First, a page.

…but it is illegal in some states. No, I’m not talking about marijuana (which still isn’t legal here). I’m referring to capturing rainwater. For the most part, this law correlates to the abundance of natural rainwater and by definition–how its variations will effect the local ecology*. Here, no one cares if I capture a 55-gallon barrel of rain because the average annual precipitation for my city is 41.1 inches (according to weatherbase.com), and since 1 inch of rain per acre is 27,154 gallons (according to water.usgs.gov), and since I have 0.48 acres, if I do the math right (27154*0.48*41.1) then I receive an average of 535,694.1 gallons of precipitation per year on my property alone. Excluding precipitation from the winter months, I have roughly 88.1 days with rain. Every time it rains, I inevitably capture a full barrel, so 88.1*55 would be 4,845.5 gallons of captured rainwater per year (assuming I capture a full barrel every time–which I don’t because I don’t always use it up before it rains again, and the spigot is necessarily located where I can’t access all the water anyway), which is 0.9% of the total precipitation for that land mass. Yeah, who cares?
*Except Texas. Last I checked, they still don’t have revised water laws, despite the depletion of the Ogallala Aquifer. And of course, there’s the Las Vegas area….
Therein lies the background, but why would I want to bother with this? Firstly, it’s a free resource that saves me money. 4,845.5 gallons = 647.7 cf, at $26.9 per 1000 cf, that’s… $17.42 saved for the year. Okay I suppose that isn’t much for an entire year, but still, it’s free. Secondly, there’s the smug factor. I’m doing my part for the environment. Nevermind that I use twice that per shower…. Thirdly, we had the barrel sitting around as a souvenir from our trip to Kentucky, and it wasn’t serving any purpose, and besides–a project! These reasons were as good as any.
The barrel had sat on the patio for several years at the townhouse, and a lot of water had leached into it in that time. It was a two person effort to move the thing, so before I did anything else with it I needed to drain it. Choosing the widest board–the one with the plug–I drilled a hole near the bottom to both drain it and to place a spigot. The resultant bilge smelled wonderfully of residual Wild Turkey and was perfectly clear with a slight amber color, and having filtered through carbon and infused with ethanol, was probably okay to drink. Still, I erred on the side of caution and refrained.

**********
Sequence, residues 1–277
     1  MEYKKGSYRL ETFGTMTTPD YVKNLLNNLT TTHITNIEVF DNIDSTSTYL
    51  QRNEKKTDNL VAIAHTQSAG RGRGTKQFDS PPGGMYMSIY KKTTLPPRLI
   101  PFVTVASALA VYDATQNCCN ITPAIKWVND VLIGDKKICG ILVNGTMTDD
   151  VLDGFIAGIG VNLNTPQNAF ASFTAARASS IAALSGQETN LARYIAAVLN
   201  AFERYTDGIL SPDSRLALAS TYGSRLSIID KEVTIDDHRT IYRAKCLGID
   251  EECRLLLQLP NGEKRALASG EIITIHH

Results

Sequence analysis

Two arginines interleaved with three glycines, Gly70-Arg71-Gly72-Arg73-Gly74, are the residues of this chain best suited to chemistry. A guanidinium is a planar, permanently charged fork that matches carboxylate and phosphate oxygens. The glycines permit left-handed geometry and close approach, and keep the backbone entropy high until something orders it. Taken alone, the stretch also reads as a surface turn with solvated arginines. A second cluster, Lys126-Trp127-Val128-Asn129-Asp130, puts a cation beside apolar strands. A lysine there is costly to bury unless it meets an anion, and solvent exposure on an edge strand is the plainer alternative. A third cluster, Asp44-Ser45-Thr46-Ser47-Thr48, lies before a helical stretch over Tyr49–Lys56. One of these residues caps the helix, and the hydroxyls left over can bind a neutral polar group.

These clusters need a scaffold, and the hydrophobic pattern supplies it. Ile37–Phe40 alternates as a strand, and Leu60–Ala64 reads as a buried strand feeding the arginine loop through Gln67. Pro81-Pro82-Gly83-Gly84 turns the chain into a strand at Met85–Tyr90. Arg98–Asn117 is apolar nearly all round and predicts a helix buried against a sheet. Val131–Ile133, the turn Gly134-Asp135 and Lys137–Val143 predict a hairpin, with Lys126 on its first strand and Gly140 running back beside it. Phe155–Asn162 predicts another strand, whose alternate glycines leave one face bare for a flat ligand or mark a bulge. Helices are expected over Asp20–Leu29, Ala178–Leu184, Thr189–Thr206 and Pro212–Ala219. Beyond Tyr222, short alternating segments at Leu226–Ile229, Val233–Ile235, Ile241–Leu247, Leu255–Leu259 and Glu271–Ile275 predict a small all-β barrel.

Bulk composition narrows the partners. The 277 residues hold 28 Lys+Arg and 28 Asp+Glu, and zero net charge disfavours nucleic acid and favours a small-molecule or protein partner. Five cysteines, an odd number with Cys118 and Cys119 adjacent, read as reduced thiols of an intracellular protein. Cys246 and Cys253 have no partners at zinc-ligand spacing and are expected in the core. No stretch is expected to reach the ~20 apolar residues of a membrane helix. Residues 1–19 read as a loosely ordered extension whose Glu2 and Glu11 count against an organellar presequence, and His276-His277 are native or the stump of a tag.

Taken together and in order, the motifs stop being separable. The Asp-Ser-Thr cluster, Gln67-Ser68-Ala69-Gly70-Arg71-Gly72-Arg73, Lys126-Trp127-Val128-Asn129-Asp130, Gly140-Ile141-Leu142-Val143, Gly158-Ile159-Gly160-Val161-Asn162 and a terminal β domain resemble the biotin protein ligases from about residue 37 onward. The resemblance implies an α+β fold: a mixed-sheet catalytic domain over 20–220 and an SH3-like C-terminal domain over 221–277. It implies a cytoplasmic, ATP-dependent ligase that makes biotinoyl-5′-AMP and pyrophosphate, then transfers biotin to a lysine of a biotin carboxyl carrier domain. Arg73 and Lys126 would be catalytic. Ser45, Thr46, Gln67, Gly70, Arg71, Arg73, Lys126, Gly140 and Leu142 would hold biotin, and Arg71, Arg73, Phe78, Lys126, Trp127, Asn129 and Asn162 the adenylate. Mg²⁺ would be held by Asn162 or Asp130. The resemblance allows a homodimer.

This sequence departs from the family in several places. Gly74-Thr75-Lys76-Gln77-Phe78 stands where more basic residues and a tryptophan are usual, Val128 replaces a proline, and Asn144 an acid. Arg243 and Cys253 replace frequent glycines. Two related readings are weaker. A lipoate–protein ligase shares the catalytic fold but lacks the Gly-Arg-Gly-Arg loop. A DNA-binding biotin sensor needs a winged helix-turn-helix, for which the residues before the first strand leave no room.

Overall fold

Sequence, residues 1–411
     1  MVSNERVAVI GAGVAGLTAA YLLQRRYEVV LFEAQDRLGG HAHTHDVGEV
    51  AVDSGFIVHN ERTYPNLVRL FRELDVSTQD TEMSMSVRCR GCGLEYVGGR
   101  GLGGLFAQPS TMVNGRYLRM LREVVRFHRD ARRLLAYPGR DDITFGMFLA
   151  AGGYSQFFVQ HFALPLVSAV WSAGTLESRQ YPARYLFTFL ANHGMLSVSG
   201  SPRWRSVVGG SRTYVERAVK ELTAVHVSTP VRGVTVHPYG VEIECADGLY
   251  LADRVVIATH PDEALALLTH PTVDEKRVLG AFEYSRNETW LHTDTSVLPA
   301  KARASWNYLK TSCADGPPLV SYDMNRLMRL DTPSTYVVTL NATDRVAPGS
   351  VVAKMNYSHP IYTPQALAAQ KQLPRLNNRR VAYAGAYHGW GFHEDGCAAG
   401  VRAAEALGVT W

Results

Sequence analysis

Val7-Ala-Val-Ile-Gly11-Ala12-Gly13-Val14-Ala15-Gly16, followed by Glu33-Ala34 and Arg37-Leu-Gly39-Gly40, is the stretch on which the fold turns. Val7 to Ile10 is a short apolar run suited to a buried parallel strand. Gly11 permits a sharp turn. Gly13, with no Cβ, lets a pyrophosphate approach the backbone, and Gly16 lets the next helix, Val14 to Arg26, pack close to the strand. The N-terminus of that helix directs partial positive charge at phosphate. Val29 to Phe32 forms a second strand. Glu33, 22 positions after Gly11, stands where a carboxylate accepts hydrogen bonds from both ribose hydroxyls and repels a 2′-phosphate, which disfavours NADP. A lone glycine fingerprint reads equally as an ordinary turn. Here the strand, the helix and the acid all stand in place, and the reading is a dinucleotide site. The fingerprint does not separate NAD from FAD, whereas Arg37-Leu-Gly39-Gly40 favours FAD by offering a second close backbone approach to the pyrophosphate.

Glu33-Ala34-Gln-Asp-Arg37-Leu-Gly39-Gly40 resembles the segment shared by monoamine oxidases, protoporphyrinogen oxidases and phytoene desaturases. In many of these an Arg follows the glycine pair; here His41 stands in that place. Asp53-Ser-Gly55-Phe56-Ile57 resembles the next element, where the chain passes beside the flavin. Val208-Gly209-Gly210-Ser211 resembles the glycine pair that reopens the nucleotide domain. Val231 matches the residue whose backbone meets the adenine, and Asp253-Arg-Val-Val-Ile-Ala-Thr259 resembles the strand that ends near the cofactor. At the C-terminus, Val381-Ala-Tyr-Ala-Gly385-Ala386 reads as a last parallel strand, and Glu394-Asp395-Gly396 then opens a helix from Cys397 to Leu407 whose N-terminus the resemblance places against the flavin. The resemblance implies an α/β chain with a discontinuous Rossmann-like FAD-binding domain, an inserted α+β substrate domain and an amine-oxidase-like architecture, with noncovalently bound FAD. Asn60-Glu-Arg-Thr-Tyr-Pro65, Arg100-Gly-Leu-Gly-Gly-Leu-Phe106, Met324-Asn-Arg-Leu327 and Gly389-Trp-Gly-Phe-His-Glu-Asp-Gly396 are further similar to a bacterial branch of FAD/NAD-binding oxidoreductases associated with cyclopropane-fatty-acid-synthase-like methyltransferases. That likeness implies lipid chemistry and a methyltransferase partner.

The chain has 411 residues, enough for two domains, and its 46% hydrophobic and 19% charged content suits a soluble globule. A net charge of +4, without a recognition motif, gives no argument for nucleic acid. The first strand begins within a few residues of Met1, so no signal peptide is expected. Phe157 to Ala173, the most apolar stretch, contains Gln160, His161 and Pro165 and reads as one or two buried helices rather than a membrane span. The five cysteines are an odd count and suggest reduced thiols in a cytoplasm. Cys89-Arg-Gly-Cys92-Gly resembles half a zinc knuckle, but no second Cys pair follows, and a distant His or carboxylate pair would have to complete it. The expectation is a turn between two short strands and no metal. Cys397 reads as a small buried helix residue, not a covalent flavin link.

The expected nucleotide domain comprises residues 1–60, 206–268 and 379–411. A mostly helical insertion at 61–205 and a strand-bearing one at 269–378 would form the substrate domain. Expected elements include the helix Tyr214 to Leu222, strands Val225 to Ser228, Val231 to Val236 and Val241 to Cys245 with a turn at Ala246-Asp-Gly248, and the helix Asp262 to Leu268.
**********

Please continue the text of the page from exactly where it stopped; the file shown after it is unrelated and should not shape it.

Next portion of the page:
While it drained I needed to figure out a screen system for the input. So I simply cut a board, assembled a square, fastened it together with a staple gun, then attached nylon screen to both sides.
Next, I needed to drill a hole in the top. I admit, this sounded simpler than it was. I did not fully appreciate the strength of American White Oak, hardened by fire and essentially pressure-treated with bourbon. Nor did I posses the appropriate tools for the job. The process claimed four drill bits.
I wanted the frame removable yet secure, so I opted for 4 wood finishing nails.
Then I had to find a way to attach a spigot. I went to Lowe’s a perused the plumbing. My first thought was to attach a bulkhead, but the wood was rather thick for that. I stood with the parts in had, staring at the barrel, but then I considered that I might be overthinking it. After all, the beauty of the wood was that it was solid yet flexible, and it’s water-tightness was because it swelled when saturated. Perhaps the wood alone would make a seal around the brass. I widened the hole just enough to get the first threads in, then with brute strength and a set of vice grips, forcefully cranked the spigot in. Then to test it, I positioned the barrel upon a couple beams so it was high enough to access the spigot, filled it partially with water, and waited. Initially, it leaked, as was expected. But after several hours, the leak stopped. Satisfied, I cut the downspout to accommodate the barrel.
A year later and it’s still working just fine. I’ve since drilled an overflow, although in downpours it just spills everywhere anyway. But I’ve also installed the rain garden since so all the excess flows away. I’m thinking we could use another one of these for the front yard. With two, I could save $34.84 a year–enough for a bottle of bourbon.
Added to my vegetable garden, it’s one more incremental step towards self-sufficiency.